Nobody understands the value of having a great starting quarterback — and the catastrophic impact of losing one — better than Oakland Raiders coach Jack Del Rio.
A year ago, his team was on top of the world heading into its final two regular-season games. It had an 11-3 record and needed only to win its final two games to wrap up the AFC West, clinch a first-round playoff bye and possibly corral home-field advantage in the playoffs.
Derek Carr, much like the Eagles' Carson Wentz, was a legitimate MVP candidate. He had thrown 25 touchdown passes, and would throw three more in Week 16 before disaster struck. His plus-22 touchdowns-to-interceptions differential would rank fourth in the league, behind only those of Aaron Rodgers, Matt Ryan, and Tom Brady.
Then, on Christmas Eve, all the RaiderNation laughter turned to sorrow. Early in the fourth quarter of a 33-25 win over the Indianapolis Colts, Carr, who hadn't been touched by a Colts pass rusher the entire game, was sacked by ex-Eagle Trent Cole, and suffered a broken fibula.
Carr's injury ended his season and, for all intents and purposes, killed the Raiders' hopes of making a deep playoff run.
Carr was replaced by former Penn State quarterback Matt McGloin, who had just six NFL starts.
McGloin made start No. 7 the next week against the Denver Broncos with the AFC West and a playoff bye on the line. But is left (non-throwing) shoulder was injured in the second quarter. That left rookie fourth-round pick Connor Cook.
Cook completed 14 of 21 passes for 150 yards against the Broncos, but the Raiders still lost the game, 24-6, which cost them the division title (the Chiefs won it on head-to-head tiebreaker) and a first-round bye.
They slipped to the fifth seed, had to go on the road with the green Cook as their starting quarterback, and lost to the Houston Texans in the wild-card round, 27-14. Cook was 18 of 45 with three interceptions.
So Del Rio, whose 6-8 team will visit the Linc on Christmas night, feels Doug Pederson's pain. He sympathizes with the Eagles' coach over the loss of Wentz to a torn ACL two weeks ago. But hey, those are the breaks.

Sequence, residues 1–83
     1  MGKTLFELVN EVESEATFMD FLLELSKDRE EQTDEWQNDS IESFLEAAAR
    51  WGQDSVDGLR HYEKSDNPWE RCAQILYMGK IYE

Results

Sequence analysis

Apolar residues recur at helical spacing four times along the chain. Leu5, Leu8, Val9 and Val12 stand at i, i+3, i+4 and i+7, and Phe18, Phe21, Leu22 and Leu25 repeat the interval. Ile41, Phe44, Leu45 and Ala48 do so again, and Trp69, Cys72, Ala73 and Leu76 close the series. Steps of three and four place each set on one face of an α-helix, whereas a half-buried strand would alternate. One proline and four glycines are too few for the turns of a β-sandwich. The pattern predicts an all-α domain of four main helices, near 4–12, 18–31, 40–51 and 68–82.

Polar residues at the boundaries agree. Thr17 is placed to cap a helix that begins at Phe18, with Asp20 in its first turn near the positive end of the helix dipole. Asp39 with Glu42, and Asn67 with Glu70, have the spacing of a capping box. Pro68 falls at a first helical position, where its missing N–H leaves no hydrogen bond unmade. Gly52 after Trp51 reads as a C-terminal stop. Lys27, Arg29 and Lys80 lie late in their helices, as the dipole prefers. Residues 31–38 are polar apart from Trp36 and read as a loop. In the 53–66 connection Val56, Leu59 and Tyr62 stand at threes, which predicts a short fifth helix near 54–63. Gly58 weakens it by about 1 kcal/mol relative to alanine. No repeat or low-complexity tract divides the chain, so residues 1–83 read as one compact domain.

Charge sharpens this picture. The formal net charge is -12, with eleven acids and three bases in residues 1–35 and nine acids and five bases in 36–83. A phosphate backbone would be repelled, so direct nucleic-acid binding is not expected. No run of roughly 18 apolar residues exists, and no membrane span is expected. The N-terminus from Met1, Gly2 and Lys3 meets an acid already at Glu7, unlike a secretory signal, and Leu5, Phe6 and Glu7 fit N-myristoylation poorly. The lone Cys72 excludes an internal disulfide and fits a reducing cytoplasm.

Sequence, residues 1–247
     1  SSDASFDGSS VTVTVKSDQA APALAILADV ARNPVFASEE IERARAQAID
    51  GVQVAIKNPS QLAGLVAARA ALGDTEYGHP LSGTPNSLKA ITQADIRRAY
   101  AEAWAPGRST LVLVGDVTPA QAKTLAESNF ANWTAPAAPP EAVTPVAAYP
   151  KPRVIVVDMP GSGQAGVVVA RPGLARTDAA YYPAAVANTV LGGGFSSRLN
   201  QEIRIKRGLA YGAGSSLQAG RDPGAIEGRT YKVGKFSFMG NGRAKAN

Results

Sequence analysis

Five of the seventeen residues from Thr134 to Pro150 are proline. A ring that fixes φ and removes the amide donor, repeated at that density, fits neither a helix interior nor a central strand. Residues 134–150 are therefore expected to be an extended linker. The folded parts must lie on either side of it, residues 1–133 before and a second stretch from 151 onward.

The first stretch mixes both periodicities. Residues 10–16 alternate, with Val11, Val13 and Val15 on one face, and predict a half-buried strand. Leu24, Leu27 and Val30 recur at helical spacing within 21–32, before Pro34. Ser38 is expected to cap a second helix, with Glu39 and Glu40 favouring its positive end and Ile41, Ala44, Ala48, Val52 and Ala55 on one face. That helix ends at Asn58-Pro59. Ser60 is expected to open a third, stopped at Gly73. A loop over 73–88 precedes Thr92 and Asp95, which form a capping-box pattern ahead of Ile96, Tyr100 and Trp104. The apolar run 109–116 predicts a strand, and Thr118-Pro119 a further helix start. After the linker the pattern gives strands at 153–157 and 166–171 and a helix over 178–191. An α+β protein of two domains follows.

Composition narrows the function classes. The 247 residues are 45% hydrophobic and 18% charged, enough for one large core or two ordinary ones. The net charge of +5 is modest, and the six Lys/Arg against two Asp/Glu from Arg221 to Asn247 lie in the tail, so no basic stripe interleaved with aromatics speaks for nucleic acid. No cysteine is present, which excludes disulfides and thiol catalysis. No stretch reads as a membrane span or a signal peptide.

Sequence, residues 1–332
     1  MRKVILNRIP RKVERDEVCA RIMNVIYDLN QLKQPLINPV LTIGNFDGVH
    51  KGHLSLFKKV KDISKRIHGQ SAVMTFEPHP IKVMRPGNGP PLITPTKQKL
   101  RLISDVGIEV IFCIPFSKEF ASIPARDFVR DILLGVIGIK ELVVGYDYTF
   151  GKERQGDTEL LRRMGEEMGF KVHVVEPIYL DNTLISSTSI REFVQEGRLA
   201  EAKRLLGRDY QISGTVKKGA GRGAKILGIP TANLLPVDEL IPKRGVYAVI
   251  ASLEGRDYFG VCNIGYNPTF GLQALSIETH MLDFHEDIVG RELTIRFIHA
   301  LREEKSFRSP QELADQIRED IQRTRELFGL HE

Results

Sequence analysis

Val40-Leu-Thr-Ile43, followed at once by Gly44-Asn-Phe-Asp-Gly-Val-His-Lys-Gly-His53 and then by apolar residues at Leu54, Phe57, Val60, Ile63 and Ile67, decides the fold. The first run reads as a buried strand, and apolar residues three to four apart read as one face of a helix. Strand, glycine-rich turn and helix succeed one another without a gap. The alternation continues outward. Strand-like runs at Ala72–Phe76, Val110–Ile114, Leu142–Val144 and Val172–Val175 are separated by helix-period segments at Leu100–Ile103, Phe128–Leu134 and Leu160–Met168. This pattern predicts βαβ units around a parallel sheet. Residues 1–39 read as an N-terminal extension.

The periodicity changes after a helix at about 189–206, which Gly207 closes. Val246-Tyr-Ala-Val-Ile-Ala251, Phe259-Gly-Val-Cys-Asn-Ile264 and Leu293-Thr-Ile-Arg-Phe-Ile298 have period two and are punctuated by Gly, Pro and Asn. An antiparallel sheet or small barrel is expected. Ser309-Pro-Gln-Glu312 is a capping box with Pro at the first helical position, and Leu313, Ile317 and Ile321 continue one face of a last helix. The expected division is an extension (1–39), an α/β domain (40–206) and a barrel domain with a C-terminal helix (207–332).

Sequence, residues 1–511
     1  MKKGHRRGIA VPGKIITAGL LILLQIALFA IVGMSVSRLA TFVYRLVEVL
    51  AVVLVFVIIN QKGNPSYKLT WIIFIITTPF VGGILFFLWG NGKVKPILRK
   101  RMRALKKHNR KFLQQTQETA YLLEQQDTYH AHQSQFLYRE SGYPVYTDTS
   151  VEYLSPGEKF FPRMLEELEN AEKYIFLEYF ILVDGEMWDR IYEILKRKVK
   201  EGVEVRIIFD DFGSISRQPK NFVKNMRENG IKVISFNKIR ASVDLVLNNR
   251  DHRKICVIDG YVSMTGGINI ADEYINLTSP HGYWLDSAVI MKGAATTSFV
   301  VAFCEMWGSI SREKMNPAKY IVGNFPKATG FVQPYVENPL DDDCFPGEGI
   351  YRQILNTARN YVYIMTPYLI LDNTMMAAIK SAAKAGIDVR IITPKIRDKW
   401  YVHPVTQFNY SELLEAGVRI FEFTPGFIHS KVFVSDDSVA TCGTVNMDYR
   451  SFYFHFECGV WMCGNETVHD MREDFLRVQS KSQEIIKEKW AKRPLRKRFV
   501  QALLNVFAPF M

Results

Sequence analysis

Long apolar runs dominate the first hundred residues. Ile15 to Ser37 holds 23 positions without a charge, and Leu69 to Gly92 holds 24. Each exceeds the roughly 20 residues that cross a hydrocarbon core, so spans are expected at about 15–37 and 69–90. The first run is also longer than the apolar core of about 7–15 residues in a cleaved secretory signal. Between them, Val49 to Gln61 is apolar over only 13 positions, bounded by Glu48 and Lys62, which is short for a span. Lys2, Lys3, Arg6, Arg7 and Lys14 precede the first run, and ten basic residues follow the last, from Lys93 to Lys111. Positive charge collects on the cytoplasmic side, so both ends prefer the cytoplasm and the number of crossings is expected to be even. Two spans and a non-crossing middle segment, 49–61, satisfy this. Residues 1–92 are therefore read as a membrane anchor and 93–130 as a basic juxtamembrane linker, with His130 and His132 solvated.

Thanks to the foresight of their personnel department, the 12-2 Eagles — who can clinch a first-round bye with a win over the Raiders or a Saturday loss by the Minnesota Vikings — are better equipped to deal with the loss of Wentz than the Raiders were the loss of Carr last year. Enough to still make a deep playoff run? We'll see.
Wentz's replacement, Nick Foles, has 37 career starts, including 25 with the Eagles. He led the league in passing in 2013 with the third-highest passer rating in history (119.2). Threw 27 touchdown passes and just two interceptions that year. Seven of those TD passes came in a 49-20 win over the Raiders.
"Carson is a tremendous player and it's really a shame that he got hurt,'' Del Rio said. "I hate to see that. He's a fine young football player who was having a tremendous year.
"But Nick is very capable. He's got plenty of experience. He's a guy who's had many good starts in the league and has proved he can play at a high level. He's very capable of running that offense. He played very well in his first game leading the team last week.''
Yes, he did. Foles completed 24 of 38 passes for 237 yards and four touchdowns with no interceptions in Sunday's 34-29 win over the Giants.
He should do pretty well Monday as well against a Raiders defense that is 31st in opponent passer rating (102.), 27th in yards allowed per attempt (7.7), tied for 22nd in sacks (28) and tied for last in interceptions (four).
The challenge will come in the playoffs in a few weeks when he goes against more capable defenses.
The difference between Wentz and Foles is that Wentz is capable of lifting a team on his shoulders and carrying it across the finish line. Foles' success is more dependent on the cast around him.
"Nick is more than capable of being a really good quarterback in this league,'' center Jason Kelce said. "As long as the rest of the offense continues to do their job and guys continue to do what's being asked of them, and we rally around him and give him an opportunity to succeed, I have confidence in Nick. I've seen him do it before.
"Nick's proved he can play if the pieces are around him, if everything's set up to put him in a successful situation. I think we have some good pieces on the offense. I think we have some really good players.''
The fact that Wentz's injury happened in Week 14 as opposed to Carr's, which happened in Week 16, has given Foles a little more time to get his legs under him and establish a rapport with his receivers and his linemen before the playoffs.
"That definitely helps,'' Del Rio said. "And the fact that they have a proven guy who has won — what — 21-22 games in this league already [Foles has a 22-16 regular-season career record], that's important.
"You're looking at a guy who has experience, good experience, and is off to a great start in his first opportunity last week.''